By: David Ashley, MD, MBA
We keep hearing about the negative side of increasing interest rates in the news. It now costs more to borrow money for homes, cars, education, and other items requiring a loan.
There is, however, a positive side to all of this. For the first time in over ten years, you can get some of the highest returns on High-Yield savings accounts, Treasury Bills (T-Bills), bonds from the U.S. Treasury, and Certificates of Deposit (CDs). CDs and U.S. treasuries are generally safer investments than stocks, and earning additional interest on your savings is always a positive.
Banks sell CDs to encourage savers to keep money at the banks, allowing the banks to hold reserves that they can then loan out against. The money is locked in for a period of time, usually one to five years, and can only be withdrawn early by paying a penalty. Usually, the longer the term on the bond, the higher the interest rate the bank pays. A person who buys a long-term bond takes more risks by locking money in for a longer time, so that person normally gets paid more for doing this. As with all bank deposits, CDs are covered by FDIC insurance. All of a person’s accounts in a single bank, including CDs, are protected up to a value of $250,000 for all of that person’s accounts combined.
Treasuries are another safe place to put your money presently. Right now, shorter-term treasury bills (four weeks to 52 weeks) are paying a higher rate than longer-term bonds (twenty years to thirty years). This is unusual and is known as an “inverted yield curve.” Longer-term treasuries (ten-year notes), for example, are currently yielding less than one-year treasuries. When yield curves invert, that is often a sign that the economy is slowing and can indicate that a recession may be coming in the next year or so.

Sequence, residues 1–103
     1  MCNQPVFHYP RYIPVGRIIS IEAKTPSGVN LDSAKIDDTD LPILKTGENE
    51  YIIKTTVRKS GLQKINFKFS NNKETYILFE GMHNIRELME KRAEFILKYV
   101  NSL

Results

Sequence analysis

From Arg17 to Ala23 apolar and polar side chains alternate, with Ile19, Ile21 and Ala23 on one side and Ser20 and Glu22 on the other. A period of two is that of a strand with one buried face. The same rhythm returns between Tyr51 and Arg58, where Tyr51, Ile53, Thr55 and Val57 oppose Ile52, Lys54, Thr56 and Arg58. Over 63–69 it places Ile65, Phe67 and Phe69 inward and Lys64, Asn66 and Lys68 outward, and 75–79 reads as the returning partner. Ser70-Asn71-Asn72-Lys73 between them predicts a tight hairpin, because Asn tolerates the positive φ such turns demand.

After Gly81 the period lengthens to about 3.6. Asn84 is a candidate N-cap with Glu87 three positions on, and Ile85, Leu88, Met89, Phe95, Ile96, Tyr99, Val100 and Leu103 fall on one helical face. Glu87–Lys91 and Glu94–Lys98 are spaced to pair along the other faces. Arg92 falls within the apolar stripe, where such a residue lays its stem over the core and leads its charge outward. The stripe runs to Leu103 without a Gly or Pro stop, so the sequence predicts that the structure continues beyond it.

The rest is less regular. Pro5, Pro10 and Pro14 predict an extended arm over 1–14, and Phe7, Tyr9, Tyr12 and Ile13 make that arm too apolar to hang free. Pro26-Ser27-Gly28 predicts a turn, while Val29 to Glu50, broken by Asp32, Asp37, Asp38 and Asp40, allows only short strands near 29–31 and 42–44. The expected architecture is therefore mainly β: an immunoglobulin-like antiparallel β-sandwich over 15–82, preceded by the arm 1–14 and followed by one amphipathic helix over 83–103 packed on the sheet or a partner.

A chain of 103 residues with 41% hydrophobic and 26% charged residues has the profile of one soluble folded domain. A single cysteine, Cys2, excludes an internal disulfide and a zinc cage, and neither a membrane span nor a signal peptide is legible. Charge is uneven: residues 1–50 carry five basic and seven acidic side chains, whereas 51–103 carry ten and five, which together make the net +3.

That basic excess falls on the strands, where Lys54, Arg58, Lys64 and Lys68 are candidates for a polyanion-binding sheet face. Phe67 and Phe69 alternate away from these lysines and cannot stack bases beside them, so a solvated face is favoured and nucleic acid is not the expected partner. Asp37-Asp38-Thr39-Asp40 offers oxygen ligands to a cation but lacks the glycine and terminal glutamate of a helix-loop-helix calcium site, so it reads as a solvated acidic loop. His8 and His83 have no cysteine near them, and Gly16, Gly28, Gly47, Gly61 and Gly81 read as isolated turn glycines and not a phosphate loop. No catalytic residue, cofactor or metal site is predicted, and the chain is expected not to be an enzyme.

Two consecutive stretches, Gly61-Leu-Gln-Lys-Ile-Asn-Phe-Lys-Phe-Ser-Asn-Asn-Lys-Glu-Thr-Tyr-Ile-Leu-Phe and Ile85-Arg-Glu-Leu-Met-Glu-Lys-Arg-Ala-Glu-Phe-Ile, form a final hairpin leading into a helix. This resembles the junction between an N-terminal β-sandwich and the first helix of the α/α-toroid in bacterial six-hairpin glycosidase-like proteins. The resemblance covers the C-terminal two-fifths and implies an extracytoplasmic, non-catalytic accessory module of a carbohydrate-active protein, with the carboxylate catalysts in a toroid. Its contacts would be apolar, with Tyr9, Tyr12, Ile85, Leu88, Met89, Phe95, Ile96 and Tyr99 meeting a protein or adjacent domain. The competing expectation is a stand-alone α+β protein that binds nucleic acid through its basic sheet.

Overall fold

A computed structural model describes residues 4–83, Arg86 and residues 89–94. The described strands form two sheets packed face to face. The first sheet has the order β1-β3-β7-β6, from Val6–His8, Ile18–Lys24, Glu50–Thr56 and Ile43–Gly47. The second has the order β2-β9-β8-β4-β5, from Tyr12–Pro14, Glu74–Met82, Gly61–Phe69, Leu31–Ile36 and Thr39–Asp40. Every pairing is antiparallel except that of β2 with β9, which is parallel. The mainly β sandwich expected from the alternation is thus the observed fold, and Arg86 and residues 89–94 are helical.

The risk with a longer-term bond is that if a person has to cash the treasury in before the term is finished and if interest rates have gone up, then the value that person would get for the treasury is less. That is a risk to the holder of the long-term bond. This was one of the scenarios recently at Silicon Valley Bank. There was a run on the bank; the bank had to cash in longer-term treasury bonds purchased when interest rates were half of what they are now. The bank lost money due to the reduced value of the bonds and could not cover the unexpected bank withdrawals. Bank regulators then shut down Silicon Valley Bank.
In the current environment, the investor who wants to play it safe would get the best rate on treasuries by buying short-term bills and holding them for the whole term. As of March 31, 2023, these bills are paying slightly over 4.5%.
Even bank savings accounts, particularly High-Yield savings accounts, offer high-interest rates for keeping your money in them. Some banks are offering as high as 4% or more on High-Yield savings accounts.
Inflation is running high and squeezing most of us. If you have any extra money to put away each month, make sure you gain as high a return on your savings as possible to help fight inflation. Treasuries are a safe investment, and High-Yield savings accounts are an easy option. The stock market has been performing poorly over the last 15 months. If a recession is on the way, the market may remain volatile. A person could safely invest in Treasuries or CDs, taking advantage of the higher interest rates.
Consider parking some money in Bank CDs and Treasury Bills, as long as you won’t need it during the term of the Treasury or CD. It is a safe investment and will currently earn more interest than keeping your money in a traditional savings or checking account. If you think you will need continual access to your money just in case, consider a High-Yield savings account. Right now, High-Yield savings accounts are offering returns as high as most CDs and Treasury Bills.